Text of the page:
Get answers to popular questions about registering as an organ and tissue donor
Does everyone believe in organ, eye, and tissue donation?
Registering to be a donor is a very personal decision. Every major faith tradition supports donation. And in every culture, people believe that the decision to care for and help our neighbors is a good and moral choice. You should learn as much as you can and talk to your faith leaders, friends, and family about your decision.
Frequently Asked Questions
There are three ways to register: online, at the DMV, or in the Health app on your iPhone.
If you register at the DMV, a red heart will be placed on your driver’s license or ID card. This symbol means that you have made the lifesaving decision to legally authorize your organs, eyes, and tissues after you die.
No, you can also register with a paper form. You can request this via our contact us form.
Yes! You can update your donor record. The changes you make to your online donor record will be permanent, and they will supersede your DMV donor record. If you registered at the DMV, you should update or change your record there. If you registered online, update or change your record online. Simply log in to remove yourself from the NC Donor Registry. This change takes effect immediately.
No. All costs associated with donation are paid by the organ procurement organization. Your family will only be responsible for hospital charges before your death and for funeral expenses.
No. Your healthcare professionals will always do everything they can to save your life, regardless of whether or not you are registered as a donor.
No. A potential donor can be any age.
No. It is against the law to buy or sell organs and tissue in the United States. Your family will not have to pay for donation expenses, but they also cannot be paid or reimbursed for hospital or funeral expenses.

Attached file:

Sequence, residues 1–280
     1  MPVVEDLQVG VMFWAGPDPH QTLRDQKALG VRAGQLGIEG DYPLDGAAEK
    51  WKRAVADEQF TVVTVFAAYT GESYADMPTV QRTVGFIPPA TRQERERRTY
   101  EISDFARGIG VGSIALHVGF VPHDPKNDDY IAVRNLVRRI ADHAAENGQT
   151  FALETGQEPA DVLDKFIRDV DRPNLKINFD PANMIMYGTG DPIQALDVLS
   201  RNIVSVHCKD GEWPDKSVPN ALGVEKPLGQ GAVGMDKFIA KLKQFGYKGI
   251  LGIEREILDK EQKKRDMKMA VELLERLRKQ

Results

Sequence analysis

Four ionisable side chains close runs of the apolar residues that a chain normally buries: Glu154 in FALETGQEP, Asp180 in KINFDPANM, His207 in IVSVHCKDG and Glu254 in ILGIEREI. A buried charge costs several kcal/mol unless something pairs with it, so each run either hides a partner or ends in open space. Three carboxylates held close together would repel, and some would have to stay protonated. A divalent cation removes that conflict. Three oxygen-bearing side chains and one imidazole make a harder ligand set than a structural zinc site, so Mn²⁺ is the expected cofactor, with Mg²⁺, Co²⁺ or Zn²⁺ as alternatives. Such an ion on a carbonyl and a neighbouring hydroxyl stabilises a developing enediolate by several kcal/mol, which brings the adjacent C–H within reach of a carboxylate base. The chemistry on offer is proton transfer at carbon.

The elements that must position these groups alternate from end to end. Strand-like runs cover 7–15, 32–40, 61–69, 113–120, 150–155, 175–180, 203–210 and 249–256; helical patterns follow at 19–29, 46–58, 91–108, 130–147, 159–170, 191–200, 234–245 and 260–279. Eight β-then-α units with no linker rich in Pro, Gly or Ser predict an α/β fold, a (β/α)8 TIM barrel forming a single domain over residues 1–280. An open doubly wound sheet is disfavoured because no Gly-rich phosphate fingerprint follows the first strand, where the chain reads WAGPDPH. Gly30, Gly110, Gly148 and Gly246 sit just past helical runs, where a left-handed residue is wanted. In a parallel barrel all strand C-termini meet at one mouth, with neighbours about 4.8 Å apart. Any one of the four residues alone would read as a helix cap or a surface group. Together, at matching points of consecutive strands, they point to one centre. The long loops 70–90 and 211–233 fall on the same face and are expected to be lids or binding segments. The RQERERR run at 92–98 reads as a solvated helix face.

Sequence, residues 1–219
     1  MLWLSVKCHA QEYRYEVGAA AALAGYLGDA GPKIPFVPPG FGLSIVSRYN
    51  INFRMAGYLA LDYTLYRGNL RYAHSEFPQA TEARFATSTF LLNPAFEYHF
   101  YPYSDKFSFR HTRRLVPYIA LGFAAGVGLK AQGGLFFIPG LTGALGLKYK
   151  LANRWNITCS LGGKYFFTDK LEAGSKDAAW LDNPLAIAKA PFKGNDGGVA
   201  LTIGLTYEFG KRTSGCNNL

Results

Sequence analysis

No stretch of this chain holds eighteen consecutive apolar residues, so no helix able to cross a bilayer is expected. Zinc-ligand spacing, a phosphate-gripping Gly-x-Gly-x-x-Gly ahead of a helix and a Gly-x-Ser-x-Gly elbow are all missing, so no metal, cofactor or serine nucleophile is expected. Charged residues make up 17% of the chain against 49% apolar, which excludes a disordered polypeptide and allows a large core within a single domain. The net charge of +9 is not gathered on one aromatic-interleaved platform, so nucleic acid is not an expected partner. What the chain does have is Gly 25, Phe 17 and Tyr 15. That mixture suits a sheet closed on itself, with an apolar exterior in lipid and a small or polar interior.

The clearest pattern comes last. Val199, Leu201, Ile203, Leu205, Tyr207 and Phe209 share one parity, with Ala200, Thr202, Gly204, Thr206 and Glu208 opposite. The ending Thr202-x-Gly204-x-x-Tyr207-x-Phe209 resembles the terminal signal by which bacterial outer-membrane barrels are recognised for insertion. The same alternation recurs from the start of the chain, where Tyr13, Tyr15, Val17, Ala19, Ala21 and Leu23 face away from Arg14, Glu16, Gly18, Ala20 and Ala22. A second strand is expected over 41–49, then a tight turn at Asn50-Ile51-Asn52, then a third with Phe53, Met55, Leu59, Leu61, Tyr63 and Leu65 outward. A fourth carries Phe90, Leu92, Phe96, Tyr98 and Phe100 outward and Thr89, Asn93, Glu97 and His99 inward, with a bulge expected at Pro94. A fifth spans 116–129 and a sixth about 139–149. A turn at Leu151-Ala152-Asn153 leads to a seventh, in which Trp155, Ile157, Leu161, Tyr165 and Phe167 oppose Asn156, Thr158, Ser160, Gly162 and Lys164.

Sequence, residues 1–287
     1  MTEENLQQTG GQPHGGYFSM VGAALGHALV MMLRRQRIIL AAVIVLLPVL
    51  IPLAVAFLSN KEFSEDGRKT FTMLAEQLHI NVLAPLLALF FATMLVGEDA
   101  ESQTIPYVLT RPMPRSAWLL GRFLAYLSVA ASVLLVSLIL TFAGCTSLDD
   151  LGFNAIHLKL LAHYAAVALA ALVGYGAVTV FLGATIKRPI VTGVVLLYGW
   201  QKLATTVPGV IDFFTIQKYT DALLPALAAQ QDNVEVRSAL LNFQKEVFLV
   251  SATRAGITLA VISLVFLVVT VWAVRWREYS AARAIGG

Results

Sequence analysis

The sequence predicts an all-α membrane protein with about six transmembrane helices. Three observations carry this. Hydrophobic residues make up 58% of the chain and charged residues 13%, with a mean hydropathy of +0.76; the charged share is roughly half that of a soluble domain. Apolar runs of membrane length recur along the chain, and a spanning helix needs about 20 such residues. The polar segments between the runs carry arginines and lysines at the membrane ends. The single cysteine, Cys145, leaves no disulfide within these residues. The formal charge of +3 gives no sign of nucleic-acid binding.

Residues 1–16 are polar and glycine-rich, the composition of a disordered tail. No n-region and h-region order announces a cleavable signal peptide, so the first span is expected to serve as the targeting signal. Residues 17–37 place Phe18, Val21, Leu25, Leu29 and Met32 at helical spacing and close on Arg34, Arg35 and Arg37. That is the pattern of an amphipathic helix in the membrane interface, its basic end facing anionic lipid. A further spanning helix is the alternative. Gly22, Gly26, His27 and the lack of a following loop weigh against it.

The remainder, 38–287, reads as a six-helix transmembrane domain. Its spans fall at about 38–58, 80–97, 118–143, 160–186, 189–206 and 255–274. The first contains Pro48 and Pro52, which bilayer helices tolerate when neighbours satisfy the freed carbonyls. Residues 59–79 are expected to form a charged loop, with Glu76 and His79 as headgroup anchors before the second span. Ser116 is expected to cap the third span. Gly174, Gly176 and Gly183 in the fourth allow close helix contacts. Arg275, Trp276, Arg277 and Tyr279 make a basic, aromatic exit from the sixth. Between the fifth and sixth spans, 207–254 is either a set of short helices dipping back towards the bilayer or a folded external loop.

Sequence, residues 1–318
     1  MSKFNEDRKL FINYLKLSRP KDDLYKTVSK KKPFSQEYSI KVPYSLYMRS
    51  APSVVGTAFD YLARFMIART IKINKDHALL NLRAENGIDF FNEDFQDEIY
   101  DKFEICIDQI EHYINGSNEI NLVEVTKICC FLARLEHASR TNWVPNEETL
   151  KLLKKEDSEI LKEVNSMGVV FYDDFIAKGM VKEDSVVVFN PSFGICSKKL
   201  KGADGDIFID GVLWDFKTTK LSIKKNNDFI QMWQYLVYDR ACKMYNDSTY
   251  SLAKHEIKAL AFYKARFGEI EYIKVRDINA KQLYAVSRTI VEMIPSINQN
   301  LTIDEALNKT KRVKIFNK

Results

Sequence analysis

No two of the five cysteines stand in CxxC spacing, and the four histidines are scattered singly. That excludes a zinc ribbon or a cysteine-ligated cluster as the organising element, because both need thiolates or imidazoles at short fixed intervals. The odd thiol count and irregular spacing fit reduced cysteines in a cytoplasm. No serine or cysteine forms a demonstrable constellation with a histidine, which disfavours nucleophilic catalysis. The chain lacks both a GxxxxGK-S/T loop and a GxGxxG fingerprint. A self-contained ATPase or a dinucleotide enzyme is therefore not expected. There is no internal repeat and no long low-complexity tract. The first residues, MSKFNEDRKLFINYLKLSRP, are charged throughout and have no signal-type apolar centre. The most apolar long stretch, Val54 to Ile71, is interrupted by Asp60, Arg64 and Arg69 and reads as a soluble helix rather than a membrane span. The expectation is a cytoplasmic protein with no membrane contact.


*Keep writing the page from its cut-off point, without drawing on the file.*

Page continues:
HonorBridge will use both commercial and private air transportation to ensure organs arrive at the correct destination. In many cases, a tracking device is used so that we know the organ’s exact location.
Yes, you may be able to be an eye and tissue donor if you die at home. Your organs can only be donated for transplantation if you die in the hospital on a ventilator.
The recovery of organ and tissues may take time and could slightly delay the process of moving a donor to a funeral home. HonorBridge works with funeral directors to minimize this delay. Our skilled recovery professionals will work in a sterile environment and treat every donor with respect. When the donor is transported to the funeral home, our partners there can prepare the body for viewing or an open casket if desired.
Individuals considering whole body donation are advised to make arrangements with the medical school or research program of their choice. Usually, being an organ donor prevents whole body donation, but each program is different. Regardless of your decision to be an organ, eye, and tissue donor or to donate your whole body to science, be sure to let your family know your decision.
If you registered at the DMV in North Carolina, you should have a heart on the front of your license.
If you signed up for the National Donate Life Registry online at DonateLife.net, RegisterMe.org, or in your iPhone Health App, go to RegisterMe.org and click “Access Your Registration” to view or make changes to your donor registration record.
Yes. People of all sexual orientations, genders, gender identitie and expressions can register to be an organ donor. Certain regulations mandated by the FDA may affect a person’s eligibility for eye and tissue donation. Learn more.
Yes. The 2015 HOPE Act provides donation and transplantation opportunities to people living with HIV.